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No. 62: Mar-Apr 1989

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The cup-and-ring motif in america

Cup-and-rings motifs from Ireland
Typical cup-and-rings from Ireland. Drawing from Ancient Man.
The 1988 volume of the Occasional Papers of the Epigraphic Society is at hand. As usual, it is chock full of ancient symbols, motifs, and writings, many of which come from anomalous times and/or places. R.W.B. Morris, an authority on prehistoric rock art, has contributed an article comparing the cup-and-ring motif, as found in Great Britain, with that found in North America. Since this stereotype motif decorates the rocks of all continents, save Antarctica, and since the hey-day of cup-and-ring engraving was 3-5 millennia ago, this unique design suggests the worldwide diffusion of culture thousands of years ago.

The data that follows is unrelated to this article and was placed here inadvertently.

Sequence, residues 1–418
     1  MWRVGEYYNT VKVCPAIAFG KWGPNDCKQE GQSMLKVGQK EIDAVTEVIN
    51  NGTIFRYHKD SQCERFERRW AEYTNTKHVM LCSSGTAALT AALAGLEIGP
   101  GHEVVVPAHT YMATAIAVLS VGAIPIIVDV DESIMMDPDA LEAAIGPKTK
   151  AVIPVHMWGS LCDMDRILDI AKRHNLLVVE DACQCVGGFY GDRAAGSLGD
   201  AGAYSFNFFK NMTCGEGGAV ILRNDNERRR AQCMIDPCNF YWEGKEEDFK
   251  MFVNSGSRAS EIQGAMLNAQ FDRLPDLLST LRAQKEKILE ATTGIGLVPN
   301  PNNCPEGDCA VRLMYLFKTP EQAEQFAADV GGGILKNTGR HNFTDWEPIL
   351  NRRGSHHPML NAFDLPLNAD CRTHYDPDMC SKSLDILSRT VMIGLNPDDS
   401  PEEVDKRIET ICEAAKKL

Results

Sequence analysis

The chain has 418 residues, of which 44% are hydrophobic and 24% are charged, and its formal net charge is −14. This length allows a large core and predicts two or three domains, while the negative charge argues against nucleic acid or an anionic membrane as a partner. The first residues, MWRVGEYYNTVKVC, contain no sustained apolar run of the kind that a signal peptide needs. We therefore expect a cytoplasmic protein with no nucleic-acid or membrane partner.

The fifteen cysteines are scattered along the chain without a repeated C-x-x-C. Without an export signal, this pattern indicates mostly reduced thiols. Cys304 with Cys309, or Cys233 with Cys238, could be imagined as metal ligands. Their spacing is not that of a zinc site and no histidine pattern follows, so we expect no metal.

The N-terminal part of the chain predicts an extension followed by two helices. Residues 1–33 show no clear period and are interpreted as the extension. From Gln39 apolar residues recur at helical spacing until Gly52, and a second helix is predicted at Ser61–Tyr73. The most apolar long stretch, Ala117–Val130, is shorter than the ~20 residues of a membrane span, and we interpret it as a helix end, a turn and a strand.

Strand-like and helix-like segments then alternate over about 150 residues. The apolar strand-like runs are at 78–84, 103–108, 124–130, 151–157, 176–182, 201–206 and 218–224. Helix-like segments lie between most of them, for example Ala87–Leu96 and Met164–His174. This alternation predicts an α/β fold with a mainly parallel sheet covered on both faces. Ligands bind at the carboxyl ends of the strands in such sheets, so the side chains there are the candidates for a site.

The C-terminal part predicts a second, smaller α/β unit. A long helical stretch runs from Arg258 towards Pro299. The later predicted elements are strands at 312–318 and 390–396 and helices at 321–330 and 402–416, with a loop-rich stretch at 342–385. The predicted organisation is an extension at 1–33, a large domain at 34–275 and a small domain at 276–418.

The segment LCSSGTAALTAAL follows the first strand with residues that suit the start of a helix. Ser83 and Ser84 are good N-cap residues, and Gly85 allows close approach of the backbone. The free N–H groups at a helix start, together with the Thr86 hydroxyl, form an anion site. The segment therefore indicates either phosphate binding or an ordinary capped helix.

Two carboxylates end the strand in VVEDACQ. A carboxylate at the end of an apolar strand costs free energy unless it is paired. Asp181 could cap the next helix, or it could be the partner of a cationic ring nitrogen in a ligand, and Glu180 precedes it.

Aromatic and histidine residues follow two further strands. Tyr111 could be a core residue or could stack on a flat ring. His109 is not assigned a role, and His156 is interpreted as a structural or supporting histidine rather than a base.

A cup-and-ring engraving consists of a hollow or cup anywhere from 4 to 30 inches in diameter, surrounded by 1 to 9 rings. The rings may be gapped, with a narrow groove running through the gaps from the outside. (See the illustration,) Cups-and-rings have been found at over 700 sites in Great Britain. Most date between 2200 and 1600 B.C.

The cup-and-ring is much rarer in the States. A few are known from Alabama, California, Georgia, Hawaii, Texas, and doubtless other states. In contrast to the British cups-and-rings, the American ones are upgapped, though otherwise indistinguishable.

What is the significance of the motif? Of course, no one can say for sure. Many in Britain are near copper and gold workings. Other are associated with burials and astronomical alignments. Some European archeologists think they represent the sun or sun god. For the anomalist, the cups-and-rings hint at an ancient worldwide culture that left its signature on rocks just about everywhere.

(Morris, Ronald W.B.; "The Cup-andRing Motif in the Rock Art of the British Isles and in America," Occasional Papers, Epigraphic Society, 17:19, 1988.)

From Science Frontiers #62, MAR-APR 1989. 1989-2000 William R. Corliss